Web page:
Students share knowledge with fellow nurses in Zambia and Ghana
A pair of UBC Okanagan School of Nursing students are taking what they have learned to help educate nurses in Africa. Inspired by the saying “give a man a fish and he’ll eat for a day, teach a man to fish and he’ll eat for life,” Darien Miyata and Caitlan Stephens have set out to empower others through education — with hopes to improve the lives of people around the globe.
The project began last year, when a group of fourth-year students created a nursing assessment handbook and during their final practicums in Ghana and Zambia gave copies to African nurses. Often, these nurses had only their own hand-written class notes to use as references and Stephens says the handbook created by the UBC students was eagerly received and became a precious resource to the African nurses. When it came time for Stephens and Miyata to choose a fourth-year project, revising the handbook filled an obvious need, says Stephens.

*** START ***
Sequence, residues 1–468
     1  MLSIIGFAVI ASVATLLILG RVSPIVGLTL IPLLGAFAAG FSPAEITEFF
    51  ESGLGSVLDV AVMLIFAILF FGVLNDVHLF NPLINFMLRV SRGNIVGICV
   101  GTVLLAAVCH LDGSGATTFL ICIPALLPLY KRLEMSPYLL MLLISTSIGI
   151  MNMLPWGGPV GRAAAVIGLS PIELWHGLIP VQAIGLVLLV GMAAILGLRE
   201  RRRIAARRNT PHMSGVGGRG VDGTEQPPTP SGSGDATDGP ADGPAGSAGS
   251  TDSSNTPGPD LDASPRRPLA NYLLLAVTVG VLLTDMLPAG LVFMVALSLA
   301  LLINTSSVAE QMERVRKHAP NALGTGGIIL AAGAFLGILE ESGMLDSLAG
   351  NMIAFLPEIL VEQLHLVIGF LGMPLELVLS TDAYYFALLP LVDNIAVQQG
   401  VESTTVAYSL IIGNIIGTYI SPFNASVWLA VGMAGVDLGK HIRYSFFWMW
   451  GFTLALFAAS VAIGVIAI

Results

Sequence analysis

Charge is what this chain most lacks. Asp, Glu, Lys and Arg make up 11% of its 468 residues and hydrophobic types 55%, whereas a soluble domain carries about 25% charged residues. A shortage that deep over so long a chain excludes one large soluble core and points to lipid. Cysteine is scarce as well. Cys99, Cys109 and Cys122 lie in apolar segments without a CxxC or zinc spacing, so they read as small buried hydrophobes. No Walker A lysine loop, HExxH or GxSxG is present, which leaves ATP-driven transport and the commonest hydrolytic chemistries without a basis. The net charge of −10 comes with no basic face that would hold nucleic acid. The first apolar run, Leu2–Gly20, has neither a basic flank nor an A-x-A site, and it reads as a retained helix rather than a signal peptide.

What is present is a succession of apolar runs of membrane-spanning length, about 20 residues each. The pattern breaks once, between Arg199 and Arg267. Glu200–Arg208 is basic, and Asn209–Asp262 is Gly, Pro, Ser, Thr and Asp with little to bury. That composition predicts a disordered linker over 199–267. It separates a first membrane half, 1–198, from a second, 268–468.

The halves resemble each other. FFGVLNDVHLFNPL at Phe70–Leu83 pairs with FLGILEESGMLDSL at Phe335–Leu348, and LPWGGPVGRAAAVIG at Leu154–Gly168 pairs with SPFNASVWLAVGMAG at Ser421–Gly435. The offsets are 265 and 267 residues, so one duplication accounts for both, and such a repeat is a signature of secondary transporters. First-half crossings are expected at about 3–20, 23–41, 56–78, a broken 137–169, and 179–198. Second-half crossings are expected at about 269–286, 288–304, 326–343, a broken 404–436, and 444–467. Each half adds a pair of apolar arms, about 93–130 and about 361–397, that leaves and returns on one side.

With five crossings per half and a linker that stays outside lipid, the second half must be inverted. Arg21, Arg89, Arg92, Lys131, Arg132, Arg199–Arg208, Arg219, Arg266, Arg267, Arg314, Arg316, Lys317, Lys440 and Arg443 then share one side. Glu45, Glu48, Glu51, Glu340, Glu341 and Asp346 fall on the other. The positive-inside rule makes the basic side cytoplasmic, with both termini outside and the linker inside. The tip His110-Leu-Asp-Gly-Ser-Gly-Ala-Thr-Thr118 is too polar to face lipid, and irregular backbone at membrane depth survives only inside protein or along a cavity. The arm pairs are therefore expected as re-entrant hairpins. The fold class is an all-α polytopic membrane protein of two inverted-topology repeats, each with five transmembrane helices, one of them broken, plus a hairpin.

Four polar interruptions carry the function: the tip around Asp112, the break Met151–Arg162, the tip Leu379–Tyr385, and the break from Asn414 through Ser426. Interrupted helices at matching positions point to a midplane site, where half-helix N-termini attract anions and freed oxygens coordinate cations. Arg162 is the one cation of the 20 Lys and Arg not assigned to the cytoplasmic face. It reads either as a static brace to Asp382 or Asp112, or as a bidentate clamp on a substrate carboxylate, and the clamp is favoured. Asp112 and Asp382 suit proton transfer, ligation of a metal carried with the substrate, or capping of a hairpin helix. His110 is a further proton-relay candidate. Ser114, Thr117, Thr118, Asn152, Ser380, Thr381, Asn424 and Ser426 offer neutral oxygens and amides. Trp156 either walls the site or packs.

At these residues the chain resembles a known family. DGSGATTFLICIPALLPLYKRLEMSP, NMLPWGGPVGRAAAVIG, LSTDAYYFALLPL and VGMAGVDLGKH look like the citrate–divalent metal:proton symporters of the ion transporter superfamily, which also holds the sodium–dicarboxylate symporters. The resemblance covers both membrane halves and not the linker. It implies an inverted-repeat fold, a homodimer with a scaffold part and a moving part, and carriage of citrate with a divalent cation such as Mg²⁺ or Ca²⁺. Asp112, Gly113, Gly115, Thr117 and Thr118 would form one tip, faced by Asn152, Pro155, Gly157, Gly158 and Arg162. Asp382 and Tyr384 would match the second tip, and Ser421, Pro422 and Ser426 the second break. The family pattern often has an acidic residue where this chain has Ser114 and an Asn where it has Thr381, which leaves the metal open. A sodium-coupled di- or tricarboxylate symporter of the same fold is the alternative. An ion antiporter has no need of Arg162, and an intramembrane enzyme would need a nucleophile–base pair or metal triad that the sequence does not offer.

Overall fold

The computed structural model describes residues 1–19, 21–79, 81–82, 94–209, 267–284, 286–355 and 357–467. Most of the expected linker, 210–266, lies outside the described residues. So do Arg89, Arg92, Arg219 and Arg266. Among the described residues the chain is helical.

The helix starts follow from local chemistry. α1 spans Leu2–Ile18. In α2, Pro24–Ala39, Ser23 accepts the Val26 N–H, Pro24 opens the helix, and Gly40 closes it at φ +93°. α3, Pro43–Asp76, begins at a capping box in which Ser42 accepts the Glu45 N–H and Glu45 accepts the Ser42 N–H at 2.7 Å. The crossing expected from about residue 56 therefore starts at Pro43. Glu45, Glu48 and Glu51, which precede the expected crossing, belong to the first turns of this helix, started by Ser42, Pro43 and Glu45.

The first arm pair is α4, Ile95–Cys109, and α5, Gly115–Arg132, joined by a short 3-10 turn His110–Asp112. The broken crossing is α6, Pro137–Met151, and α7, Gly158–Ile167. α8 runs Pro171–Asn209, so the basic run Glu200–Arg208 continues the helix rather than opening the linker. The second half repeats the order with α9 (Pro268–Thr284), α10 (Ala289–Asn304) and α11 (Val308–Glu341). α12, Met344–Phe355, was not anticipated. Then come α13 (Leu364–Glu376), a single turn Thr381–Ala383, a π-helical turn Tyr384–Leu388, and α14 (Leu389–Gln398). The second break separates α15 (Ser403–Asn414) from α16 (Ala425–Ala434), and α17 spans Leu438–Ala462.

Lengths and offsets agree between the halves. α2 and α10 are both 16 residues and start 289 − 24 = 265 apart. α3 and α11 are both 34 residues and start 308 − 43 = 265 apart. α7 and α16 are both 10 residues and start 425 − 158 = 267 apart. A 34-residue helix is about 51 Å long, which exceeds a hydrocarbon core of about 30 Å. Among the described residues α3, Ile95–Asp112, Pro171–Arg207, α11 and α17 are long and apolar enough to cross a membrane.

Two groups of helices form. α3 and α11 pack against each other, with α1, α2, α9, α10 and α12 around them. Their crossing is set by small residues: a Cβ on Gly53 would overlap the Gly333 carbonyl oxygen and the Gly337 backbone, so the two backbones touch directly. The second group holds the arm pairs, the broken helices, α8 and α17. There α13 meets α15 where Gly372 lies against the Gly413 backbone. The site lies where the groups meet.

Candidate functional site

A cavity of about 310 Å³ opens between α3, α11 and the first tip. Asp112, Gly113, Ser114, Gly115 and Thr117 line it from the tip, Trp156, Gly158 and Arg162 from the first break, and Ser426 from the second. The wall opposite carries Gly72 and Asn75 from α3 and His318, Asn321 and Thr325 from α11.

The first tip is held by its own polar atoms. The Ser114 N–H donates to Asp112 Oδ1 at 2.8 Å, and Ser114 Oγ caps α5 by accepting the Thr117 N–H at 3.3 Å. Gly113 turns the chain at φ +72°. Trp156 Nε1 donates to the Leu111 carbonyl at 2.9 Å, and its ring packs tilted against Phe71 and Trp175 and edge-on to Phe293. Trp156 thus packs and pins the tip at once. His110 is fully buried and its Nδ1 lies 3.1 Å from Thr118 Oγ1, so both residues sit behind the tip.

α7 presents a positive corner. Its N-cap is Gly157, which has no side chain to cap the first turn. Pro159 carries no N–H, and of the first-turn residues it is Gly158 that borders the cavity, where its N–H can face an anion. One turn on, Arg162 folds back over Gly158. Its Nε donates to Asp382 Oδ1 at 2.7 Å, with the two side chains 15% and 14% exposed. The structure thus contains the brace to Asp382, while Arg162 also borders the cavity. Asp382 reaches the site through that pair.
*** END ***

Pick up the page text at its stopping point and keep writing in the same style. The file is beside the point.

“We heard how excited the nurses were to get these handbooks, and the difference it made, so we decided to continue that legacy.”
However, this year the project is going to look a bit different. When a contingent of nursing students, including Miyata and Stephens, head to Africa this spring, they will take more than 100 updated handbooks, plus a collection of interactive learning activities and visual aids to help consolidate the material. The hope is to have a fun-filled day of knowledge sharing between students and the nurses of Ghana and Zambia.
The Nursing Assessment Skills and Intervention handbook, printed for free by Kelowna Instaprint, has the potential to change the lives of thousands, says Miyata.
“It’s said that knowledge is power, so let’s spread it far and wide,” she says.
Both students look forward to seeing their project come to life when they arrive in Zambia. Until then, they and other fourth-year nursing students will continue to raise funds to support the project and other Africa-based health initiatives.
Want to get involved? Visit: www.gogetfunding.com/project/ubc-okanagan-clinic-in-ghana
“Musiyale hande,” (stay well), says Stephens, in the Silozi language of the Lozi people of the Western Province of Zambia.